Frozen Four: UMass hockey gets rematch with Minnesota-Duluth

  • The Massachusetts Minutemen practice during a Division I Men's Ice Hockey practice day held at PPG Paints Arena on Wednesday in Pittsburgh. JUSTIN K. ALLER / NCAA PHOTOS via GETTY IMAGES

  • Massachusetts Minutemen practice during a Division I Men's Ice Hockey practice day held at PPG Paints Arena on Wednesday in Pittsburgh, Pennsylvania. JUSTIN K. ALLER / NCAA PHOTOS via GETTY IMAGES

  • Minnesota-Duluth Bulldogs practice during a Division I Men's Ice Hockey practice day held at PPG Paints Arena on Wednesday in Pittsburgh. JUSTIN K. ALLER / NCAA PHOTOS via GETTY IMAGES

Staff Writer
Published: 4/7/2021 8:54:02 PM
Modified: 4/7/2021 8:53:59 PM

A chance at revenge and redemption awaits the UMass hockey team in Pittsburgh.

The Minutemen will face two-time defending national champion Minnesota-Duluth at 9 p.m. Thursday at the PPG Paints Arena. It’s only the second time the programs have ever clashed. The first delivered the Bulldogs that second title in Buffalo, N.Y., in 2019.

“It’ll be fun to play Duluth again and see where we’re at two years later,” UMass coach Greg Carvel said. “They’re still the standard bearer.”

UMass (18-5-4) will be without four players that didn’t travel to Pittsburgh because of COVID-19 related contact tracing, including its leading scorer and starting goaltender. But the Minutemen are still focused on the players they have available rather than who’s not.

“I know people were thinking that we’re shorthanded. We can lose a handful of guys and be alright. I want to see how this group handles it,” Carvel said. “We work a lot on the mental part of the game. These are the times where you see if you’re making progress. We weren’t mentally tough two years ago. We were super happy to beat Denver [in the semifinals] and we weren’t ready for what came at us. We’ll be ready Thursday night.”

Should UMass advance, there’s a possibility some of their teammates could return for the national championship game. It’s one of the many factors driving the Minutemen against the Bulldogs.

“This year has been filled with unpredictability. This was one of these moments where we weren’t sure what was going to happen,” junior forward Bobby Trivigno said. “We’re grateful we got the opportunity to come here. We’re not going to squander it. The boys back home are going to be rooting for us, and we’re going to get the job done for them.”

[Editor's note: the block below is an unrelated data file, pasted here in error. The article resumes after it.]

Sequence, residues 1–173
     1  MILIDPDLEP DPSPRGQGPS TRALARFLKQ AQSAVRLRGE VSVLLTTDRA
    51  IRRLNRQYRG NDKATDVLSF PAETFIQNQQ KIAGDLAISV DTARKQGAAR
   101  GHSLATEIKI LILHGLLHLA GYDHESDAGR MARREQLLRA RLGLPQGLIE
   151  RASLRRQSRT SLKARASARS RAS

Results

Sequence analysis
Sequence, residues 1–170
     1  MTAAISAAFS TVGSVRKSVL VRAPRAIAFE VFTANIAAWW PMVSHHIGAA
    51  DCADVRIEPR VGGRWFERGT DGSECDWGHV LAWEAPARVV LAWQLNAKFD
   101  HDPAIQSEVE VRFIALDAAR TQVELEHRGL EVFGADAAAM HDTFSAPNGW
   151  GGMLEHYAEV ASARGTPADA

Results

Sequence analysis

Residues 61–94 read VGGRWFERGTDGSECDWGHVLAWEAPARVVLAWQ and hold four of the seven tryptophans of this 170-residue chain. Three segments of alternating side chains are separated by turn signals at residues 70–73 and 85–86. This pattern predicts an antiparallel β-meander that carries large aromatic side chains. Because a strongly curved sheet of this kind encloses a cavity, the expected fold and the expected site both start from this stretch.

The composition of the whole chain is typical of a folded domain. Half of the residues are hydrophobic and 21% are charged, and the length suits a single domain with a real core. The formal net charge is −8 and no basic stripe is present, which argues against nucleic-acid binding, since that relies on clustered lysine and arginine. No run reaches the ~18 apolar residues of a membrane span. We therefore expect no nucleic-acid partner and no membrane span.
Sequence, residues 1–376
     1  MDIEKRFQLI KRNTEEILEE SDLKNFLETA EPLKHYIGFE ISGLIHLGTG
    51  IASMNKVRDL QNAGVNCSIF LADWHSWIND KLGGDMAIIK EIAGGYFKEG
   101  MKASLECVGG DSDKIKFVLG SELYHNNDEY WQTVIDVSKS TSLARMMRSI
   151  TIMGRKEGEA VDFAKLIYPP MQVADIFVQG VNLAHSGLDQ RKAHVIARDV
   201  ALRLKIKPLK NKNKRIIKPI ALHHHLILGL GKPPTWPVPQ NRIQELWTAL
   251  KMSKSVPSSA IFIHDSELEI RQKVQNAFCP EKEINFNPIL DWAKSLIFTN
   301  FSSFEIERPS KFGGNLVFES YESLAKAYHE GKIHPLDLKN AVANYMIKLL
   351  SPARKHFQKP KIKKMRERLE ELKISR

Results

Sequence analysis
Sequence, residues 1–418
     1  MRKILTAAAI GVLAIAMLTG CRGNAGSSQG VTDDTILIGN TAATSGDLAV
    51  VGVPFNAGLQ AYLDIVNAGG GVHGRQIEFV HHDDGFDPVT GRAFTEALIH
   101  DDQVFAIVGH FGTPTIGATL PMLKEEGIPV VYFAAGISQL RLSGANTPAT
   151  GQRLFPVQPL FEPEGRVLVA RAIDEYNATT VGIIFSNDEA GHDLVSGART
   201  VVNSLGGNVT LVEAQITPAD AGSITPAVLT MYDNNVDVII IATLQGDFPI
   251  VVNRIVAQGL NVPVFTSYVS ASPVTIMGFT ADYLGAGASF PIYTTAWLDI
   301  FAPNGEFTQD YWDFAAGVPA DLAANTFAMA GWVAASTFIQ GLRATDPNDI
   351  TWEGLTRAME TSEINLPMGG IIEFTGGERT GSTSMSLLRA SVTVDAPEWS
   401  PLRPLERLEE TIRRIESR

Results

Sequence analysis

They’ll have to prepare for one of college hockey’s most consistent programs over the last decade. Minnesota-Duluth (15-10-2) survived five overtimes against No. 1 North Dakota in the Midwest Regional championship.

“We’ve had a good leadership group. I’ve got to give those guys a lot of credit,” Minnesota-Duluth coach Scott Sandelin said. “We knew coming in we could count on our juniors and seniors. This group’s got that stick-to-it mentality.”

The Bulldogs have only played one game over the past three weeks. After falling to St. Cloud State, another Frozen Four team, in the NCHC Frozen Faceoff semifinals, Minnesota-Duluth’s first round NCAA Tournament opponent, Michigan, was pulled from the tournament due to COVID protocols.

Then they played nearly three full games against the Fighting Hawks before Luke Mylymok found a winner to send them back to the Frozen Four.

“The mental part (of recovery) might have been a  little more. I feel like we were battling through that game, and once it was over, it was a relief for us,” Minnesota-Duluth senior forward Koby Bender said. “The physical side, it took a couple days to get back to normal.”

The Bulldogs rely on depth. They have five players with at least 20 points, led by Nick Swaney and Jackson Cates with 27 each. Four players have scored double-digit goals.

They’re similar to UMass. Bobby Trivigno leads the Minutemen with 31 points and 21 assists, while senior Carson Gicewicz, one of the four who are staying back in Amherst, has 17 goals. There are six Minutemen with at least 20 points and just two double-digit scorers.

“They’re not going to change the way they play. They’re a hard working team. They’re going to come at us, they’re gong to pressure, they’ve got good forwards, they’ve got a great back end, very mobile,” Sandelin said. “They play fast, they play heavy, they have a good, I call it, ground game offensively. Their team is built a lot like our teams of the past. They’ve got really good depth. I like how they play.”

Even though they will be down three rotation players, the Minutemen are receiving some reinforcements: sophomore forwards Cal Keifiuk and Eric Faith are returning from injuries. Faith only played in 16 of UMass’ 27 games, while Kiefiuk appeared in 20.

“They’re both coming back off long-term injuries and they haven’t played in a while, but we practice in a certain way every day that hopefully games aren’t any different,” Carvel said. “They haven’t played on this stage, but they know what’s expected of them. It’s up to them to rise to the occasion.”

UMass’ defense and special teams have carried the team all season. The Minutemen are second in the nation in penalty killing, allowing opponents to score on just 6.6 percent of their power plays. They also allow the second fewest goals per game in the country (1.7).

Minnesota-Duluth will bring the nation’s 12th ranked defense and an offense that puts the puck in the net 3.04 times on average.

After seeing it in 2019, the Minutemen won’t be overwhelmed again.

Kyle Grabowski can be reached at kgrabowski Follow him on Twitter

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